Fuselage side skins: woodwork, twisting, countersinking, bending, and some drilling

I twisted the ends of the longerons by the required 2 degrees:

Longeron end twist at exactly 2 degrees
I installed them back and started countersinking the mid-cabin decks - first the screw holes:

Countersunk mid-cabin deck screw holes
then the rivet holes on top:

Countersunk mid-cabin deck rivet holes

For the skin clamping blocks, I couldn't find hardwood 2x4s anywhere local, so I ordered them online (here) and got some very precisely-cut pieces by mail. I got one hard maple and one red oak since I wasn't familiar with working with either and wanted a second one in case I screwed up:

Maple and oak 2x4s I ordered

Just to be sure we had some idea what we were doing, we started by making the same cut on a 2x4 (which we can still use for the other skin, where a radius is required in the clamping block), before cutting the maple:

Cutting the hard maple at just the right angle

Clamping block (one from a regular 2x4, one from hard maple)
The cut was far from perfect, but likely good enough for the intended purpose of bending the skins.

Since the second clamping block needed a radius and could be done with a 2x4, we made the additional cut on that as well:

Modified clamping block made with regular 2x4

We then started the repetitive work of bending the bottom parts of the skins with those blocks, to make them fit the curve at the aft end of the fuselage:

Bent and clecoed mid-fuselage skin
Rinse, repeat for the forward skins, except that for these, the roll construction angles aren't attached with clecos, and we didn't have any single clamp strong enough to hold them in place while twisting, so we had to use several clamps and mount it backwards:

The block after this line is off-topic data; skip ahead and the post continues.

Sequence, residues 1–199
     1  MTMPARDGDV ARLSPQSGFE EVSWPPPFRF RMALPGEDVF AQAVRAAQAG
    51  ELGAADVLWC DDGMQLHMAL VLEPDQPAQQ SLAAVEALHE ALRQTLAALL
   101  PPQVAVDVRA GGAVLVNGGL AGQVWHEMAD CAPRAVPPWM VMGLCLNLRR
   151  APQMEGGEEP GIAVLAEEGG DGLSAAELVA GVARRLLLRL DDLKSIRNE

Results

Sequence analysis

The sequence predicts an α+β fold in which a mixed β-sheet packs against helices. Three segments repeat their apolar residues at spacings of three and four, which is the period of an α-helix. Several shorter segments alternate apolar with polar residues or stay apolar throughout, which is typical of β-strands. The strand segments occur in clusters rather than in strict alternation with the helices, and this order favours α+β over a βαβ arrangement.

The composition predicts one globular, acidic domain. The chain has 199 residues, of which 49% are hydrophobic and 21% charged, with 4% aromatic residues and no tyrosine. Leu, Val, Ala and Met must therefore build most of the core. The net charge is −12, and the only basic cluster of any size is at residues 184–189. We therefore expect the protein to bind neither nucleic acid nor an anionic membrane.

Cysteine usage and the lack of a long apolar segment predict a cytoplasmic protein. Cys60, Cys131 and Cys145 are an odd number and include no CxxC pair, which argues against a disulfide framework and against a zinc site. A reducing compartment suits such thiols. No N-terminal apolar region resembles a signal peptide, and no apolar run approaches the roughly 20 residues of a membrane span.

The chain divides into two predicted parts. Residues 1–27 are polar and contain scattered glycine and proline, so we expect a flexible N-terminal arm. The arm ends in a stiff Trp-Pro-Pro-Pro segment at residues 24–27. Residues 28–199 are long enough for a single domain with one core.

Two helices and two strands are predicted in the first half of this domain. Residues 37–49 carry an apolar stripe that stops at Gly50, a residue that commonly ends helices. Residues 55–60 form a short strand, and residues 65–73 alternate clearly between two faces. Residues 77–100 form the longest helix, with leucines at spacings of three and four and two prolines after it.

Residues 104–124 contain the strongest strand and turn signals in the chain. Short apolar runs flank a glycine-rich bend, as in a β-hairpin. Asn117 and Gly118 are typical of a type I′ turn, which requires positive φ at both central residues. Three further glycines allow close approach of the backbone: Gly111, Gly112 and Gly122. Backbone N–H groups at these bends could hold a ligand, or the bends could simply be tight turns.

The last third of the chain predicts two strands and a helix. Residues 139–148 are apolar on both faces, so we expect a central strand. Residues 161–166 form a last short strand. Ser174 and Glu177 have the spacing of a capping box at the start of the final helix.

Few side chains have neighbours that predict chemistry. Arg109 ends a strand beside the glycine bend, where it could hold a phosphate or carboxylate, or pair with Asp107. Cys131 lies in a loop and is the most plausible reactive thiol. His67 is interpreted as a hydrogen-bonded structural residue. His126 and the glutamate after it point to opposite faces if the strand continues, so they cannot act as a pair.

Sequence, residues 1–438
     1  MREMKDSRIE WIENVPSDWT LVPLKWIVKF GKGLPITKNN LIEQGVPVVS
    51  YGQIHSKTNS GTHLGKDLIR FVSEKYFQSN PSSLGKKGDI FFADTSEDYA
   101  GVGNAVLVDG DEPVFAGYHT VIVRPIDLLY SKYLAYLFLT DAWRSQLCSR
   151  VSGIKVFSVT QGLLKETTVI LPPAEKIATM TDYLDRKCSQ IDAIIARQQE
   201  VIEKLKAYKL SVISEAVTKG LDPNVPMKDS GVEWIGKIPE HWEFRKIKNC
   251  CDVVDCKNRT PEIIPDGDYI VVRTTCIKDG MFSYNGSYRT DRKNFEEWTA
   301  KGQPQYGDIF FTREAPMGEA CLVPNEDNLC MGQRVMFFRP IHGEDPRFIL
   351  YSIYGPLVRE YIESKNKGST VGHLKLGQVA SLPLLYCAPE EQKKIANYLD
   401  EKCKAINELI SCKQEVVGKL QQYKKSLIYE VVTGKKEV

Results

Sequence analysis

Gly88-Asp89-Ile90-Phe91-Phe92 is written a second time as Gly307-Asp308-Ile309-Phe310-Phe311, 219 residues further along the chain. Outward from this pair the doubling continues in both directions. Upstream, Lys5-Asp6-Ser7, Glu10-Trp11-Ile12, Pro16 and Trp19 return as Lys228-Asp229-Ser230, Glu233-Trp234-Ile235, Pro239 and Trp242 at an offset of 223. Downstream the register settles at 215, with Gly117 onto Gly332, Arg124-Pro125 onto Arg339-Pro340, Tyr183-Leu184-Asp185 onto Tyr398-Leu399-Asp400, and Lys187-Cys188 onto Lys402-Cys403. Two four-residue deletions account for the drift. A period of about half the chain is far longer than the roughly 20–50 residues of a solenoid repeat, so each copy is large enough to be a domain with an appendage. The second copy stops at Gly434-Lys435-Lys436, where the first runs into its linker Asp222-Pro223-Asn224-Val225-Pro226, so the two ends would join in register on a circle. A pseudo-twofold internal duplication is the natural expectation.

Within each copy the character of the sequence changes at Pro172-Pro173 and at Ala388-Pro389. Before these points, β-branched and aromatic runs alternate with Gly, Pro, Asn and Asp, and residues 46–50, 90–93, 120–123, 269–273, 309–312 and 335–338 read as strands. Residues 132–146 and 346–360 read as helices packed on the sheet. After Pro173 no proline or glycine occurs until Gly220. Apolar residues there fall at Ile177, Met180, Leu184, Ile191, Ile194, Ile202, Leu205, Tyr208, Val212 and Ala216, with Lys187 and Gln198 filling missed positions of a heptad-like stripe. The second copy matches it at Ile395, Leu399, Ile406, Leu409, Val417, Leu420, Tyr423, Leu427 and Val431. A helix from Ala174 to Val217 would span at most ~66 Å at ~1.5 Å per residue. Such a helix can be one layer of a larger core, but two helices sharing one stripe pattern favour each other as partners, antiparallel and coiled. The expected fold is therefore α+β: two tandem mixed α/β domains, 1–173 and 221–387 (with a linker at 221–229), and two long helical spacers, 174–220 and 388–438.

Clamps for bending the forward fuselage skins
Bending the forward fuselage skins
The result was also quite good:

Bent and clecoed forward fuselage skin

Fuselage skins clecoed in place
Fuselage skins clecoed in place

I then started final-drilling the holes, including those of the baggage floor angles:

Right-side baggage floor angle attached to skin

Left-side baggage floor angle attach to skin with shims

The forward sides of the mid-fuselage longerons are attached to the gussets, which I also match-drilled:

Gusset match-drilled into mid-fuselage longeron

Since we were doing wood work, I also used the excess tip from the 4' maple beam to make a couple of blocks for twisting the fuselage channels:

Fuselage channel with spacer blocks for twisting

Fuselage channel spacer block height
Twisted fuselage channel

On a completely unrelated part (done while I waited for the wood), I separated, partially deburred, clecoed and final-drilled the side vent parts:

Separated vent parts

Deburred and final-drilled vent parts

Still a ton to do for the fuselage sides, but I'm glad that the most-hated parts of bending, twisting, etc. are over. I'll likely only do anything else significant after I'm back from Airventure.

Time lapse:

Total fuselage side skin rivets: 0
Total fuselage side skin time: 44.2h

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